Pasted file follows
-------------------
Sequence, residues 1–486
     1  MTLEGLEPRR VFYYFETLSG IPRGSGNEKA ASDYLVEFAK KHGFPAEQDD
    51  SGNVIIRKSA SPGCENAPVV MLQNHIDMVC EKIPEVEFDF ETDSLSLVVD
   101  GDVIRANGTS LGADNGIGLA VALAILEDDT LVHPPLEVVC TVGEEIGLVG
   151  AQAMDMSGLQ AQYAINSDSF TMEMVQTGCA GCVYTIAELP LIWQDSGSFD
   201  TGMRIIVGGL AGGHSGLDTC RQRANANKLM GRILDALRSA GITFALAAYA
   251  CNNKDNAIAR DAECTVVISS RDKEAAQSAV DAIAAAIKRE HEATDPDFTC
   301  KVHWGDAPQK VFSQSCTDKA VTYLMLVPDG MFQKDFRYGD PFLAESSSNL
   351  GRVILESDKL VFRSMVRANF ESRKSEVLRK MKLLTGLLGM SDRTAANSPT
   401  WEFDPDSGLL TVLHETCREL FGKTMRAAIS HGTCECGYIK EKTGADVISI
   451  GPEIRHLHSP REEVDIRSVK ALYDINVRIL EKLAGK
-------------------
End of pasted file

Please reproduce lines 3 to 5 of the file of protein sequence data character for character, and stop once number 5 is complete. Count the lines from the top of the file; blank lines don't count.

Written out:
    51  SGNVIIRKSA SPGCENAPVV MLQNHIDMVC EKIPEVEFDF ETDSLSLVVD
   101  GDVIRANGTS LGADNGIGLA VALAILEDDT LVHPPLEVVC TVGEEIGLVG
   151  AQAMDMSGLQ AQYAINSDSF TMEMVQTGCA GCVYTIAELP LIWQDSGSFD